vison wrote:Australia, not surprisingly, reminds me of Canada. Australia defines itself as poor and struggling and Canada defines itself as Not The U. S. A. :8

God forbid that we should either of us ever have anything like National Pride. :roll:

Wouldn't that constitute the dreaded crime of nationalism?


That's a good question, you know.

Canadians are probably as "nationalistic" as any other people. Our nationalism, our pride, takes the form of saying we don't have any, with the implication that we are therefore, in our quiet and polite Canadian way, superior to those breast-beating loud-singing flag-waving patriots in another place which shall not be named. . . . . :)

I sense a contradiction between that and your previous post...
"...Their aim in war with Germany is nothing more, nothing less than extermination of Hitlerism... There is absolutely no justification for this kind of war. The ideology of Hitlerism, just like any other ideological system, can be accepted or rejected, this is a matter of political views. But everyone grasps, that an ideology can not be exterminated by force, must not be finished off with a war.” - Vyacheslav Molotov, ""On the Foreign Policy of the Soviet Union", 31 October 1939
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Postby vison » Sun Dec 11, 2011 12:00 pm

Storyteller wrote:
vison wrote:
Storyteller wrote:
vison wrote:Australia, not surprisingly, reminds me of Canada. Australia defines itself as poor and struggling and Canada defines itself as Not The U. S. A. :8

God forbid that we should either of us ever have anything like National Pride. :roll:

Wouldn't that constitute the dreaded crime of nationalism?


That's a good question, you know.

Canadians are probably as "nationalistic" as any other people. Our nationalism, our pride, takes the form of saying we don't have any, with the implication that we are therefore, in our quiet and polite Canadian way, superior to those breast-beating loud-singing flag-waving patriots in another place which shall not be named. . . . . :)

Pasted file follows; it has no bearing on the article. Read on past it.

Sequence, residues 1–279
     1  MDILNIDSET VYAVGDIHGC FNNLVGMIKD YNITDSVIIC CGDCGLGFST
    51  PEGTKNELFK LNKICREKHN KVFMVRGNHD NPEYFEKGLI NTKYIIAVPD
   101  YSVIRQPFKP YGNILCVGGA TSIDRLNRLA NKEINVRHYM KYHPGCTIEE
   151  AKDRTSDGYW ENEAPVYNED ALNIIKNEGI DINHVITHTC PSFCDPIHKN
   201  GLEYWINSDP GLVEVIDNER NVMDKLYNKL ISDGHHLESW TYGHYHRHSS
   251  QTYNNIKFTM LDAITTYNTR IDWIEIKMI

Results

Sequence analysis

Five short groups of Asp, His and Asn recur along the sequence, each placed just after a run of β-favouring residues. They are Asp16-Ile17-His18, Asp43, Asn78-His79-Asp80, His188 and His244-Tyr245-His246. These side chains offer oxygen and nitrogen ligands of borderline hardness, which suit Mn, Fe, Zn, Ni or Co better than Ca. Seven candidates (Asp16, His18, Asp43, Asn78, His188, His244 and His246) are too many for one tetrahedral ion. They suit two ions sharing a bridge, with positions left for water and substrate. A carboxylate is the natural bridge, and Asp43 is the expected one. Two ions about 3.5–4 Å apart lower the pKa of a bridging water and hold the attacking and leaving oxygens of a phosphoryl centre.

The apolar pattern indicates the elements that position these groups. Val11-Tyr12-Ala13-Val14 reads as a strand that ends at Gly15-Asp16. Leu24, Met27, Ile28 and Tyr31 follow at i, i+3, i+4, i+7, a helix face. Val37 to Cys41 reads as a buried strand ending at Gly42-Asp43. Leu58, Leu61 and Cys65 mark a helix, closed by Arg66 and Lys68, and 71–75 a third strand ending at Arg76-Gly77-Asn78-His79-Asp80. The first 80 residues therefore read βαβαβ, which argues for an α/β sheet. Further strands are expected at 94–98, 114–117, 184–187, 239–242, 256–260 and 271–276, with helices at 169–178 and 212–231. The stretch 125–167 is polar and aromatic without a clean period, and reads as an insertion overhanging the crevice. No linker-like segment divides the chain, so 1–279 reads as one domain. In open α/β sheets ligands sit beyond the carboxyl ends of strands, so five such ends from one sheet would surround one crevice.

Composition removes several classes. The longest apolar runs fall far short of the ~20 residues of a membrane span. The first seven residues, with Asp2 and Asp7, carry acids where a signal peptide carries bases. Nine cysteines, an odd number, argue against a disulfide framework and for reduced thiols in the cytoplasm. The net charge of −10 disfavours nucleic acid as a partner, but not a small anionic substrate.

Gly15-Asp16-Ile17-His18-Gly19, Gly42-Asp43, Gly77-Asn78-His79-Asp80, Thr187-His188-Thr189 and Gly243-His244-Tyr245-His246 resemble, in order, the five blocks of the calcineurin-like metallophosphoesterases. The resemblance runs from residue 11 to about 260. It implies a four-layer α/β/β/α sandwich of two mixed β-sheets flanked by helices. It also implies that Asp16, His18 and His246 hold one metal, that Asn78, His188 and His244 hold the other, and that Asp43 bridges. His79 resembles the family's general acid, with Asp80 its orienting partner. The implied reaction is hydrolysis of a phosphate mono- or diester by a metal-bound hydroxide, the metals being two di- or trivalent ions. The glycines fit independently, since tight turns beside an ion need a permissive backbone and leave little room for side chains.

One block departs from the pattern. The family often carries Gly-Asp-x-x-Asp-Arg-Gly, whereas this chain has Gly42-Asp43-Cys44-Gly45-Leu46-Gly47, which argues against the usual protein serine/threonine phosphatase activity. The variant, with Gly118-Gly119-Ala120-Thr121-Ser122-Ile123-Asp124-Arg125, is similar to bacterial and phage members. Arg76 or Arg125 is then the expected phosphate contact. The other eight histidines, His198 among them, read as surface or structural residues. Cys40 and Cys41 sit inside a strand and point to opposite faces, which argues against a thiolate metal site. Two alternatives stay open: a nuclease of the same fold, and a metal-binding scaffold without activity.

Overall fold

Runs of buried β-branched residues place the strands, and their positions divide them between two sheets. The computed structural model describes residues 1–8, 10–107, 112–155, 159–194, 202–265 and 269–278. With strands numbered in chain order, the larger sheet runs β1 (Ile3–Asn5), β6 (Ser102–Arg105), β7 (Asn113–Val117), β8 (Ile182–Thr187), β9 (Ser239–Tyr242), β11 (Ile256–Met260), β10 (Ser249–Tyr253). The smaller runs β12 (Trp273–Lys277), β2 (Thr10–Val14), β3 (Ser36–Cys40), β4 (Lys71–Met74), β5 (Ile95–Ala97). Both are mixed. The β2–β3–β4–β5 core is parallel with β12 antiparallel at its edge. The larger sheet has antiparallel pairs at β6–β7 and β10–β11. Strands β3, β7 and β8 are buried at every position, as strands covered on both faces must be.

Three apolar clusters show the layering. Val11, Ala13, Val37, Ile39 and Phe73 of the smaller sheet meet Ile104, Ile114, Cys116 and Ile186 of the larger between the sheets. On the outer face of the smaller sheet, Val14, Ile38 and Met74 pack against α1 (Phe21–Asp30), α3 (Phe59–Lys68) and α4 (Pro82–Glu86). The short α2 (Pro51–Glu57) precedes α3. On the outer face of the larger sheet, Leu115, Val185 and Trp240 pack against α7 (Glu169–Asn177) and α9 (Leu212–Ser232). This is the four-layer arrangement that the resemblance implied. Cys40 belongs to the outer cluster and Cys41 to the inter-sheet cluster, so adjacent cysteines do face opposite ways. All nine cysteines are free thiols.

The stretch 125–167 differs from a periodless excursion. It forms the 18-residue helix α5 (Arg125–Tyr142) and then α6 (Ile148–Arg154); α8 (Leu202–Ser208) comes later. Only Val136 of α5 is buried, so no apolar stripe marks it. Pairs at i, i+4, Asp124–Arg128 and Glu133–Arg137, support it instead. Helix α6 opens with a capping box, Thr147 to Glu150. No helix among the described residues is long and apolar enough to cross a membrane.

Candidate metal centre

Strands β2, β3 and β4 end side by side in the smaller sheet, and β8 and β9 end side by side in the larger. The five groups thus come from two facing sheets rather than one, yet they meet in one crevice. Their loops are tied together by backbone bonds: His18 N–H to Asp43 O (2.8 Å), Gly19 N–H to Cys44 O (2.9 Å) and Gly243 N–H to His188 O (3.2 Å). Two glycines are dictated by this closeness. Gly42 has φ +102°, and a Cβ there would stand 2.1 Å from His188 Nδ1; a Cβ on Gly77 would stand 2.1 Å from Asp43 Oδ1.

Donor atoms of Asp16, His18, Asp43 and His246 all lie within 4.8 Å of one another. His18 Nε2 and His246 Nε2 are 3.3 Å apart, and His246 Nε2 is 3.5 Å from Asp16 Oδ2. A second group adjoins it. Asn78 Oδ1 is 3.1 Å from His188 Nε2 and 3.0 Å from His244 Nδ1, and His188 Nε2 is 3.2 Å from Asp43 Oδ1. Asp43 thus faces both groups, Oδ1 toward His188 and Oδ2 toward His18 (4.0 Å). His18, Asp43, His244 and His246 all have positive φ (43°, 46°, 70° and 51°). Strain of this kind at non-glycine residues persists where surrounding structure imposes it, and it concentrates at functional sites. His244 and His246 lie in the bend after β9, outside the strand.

I sense a contradiction between that and your previous post...


Not really. More of an exposition . . . 8)
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Postby Storyteller » Sat Mar 31, 2012 7:02 am

The biggest development in the Israeli politics is the vanquishing of the Kadima party head Tzipi Livni in the party primaries by her rival Shaul Mofaz- a fall even more sudden as her rise to the top of Israel's politics back in 1999. The politician who, just weeks ago, was named in various foreign journals as one of the most influential women in the world has already announced that she will be leaving politics for good.

In hindsight- and for those who had foresight- it wasn't at all unexpected. Livni's rise was due to her image as a "clean-handed" new figure, uncorrupted by money or power. However, ever since rising to power, Livni has done just about nothing. She made one catastrophic mistake after another out of sheer arrogance- first refusing to enter a national unity government with Netanyahu, then blindly gambling on Barack Obama to bring Netanyahu down for her, then consistently going against Netanyahu whenever he was voicing obvious national consensus, etc. She was as useless as opposition leader (only one bill submitted, to be shot down the week after) as she was as a party leader. Her closest associates within the party were invariably convicted felons (convictions ranging from corruption to sexual harrassment). She didn't even try to capitalize on the social protest movement the way Labor's Shelley Yechimovich did with considerable success.

Livni's replacement is Shaul Mofaz- born in Tehran, raised as a child of impoverished immigrants, a career officer who took part in every single military conflict that Israel saw since 1966, former IDF Chief of Staff. He has a clean political record and he will be difficult to accuse of ignorance or ineptitude in matters of security, not to mention that his Iranian-Jewish background gives him an edge when competing for the Mizrahi Jewish votes- an important demographic for the Likud, Lieberman and the religious parties. I suppose if anyone can bring Kadima back from the dead, it's him.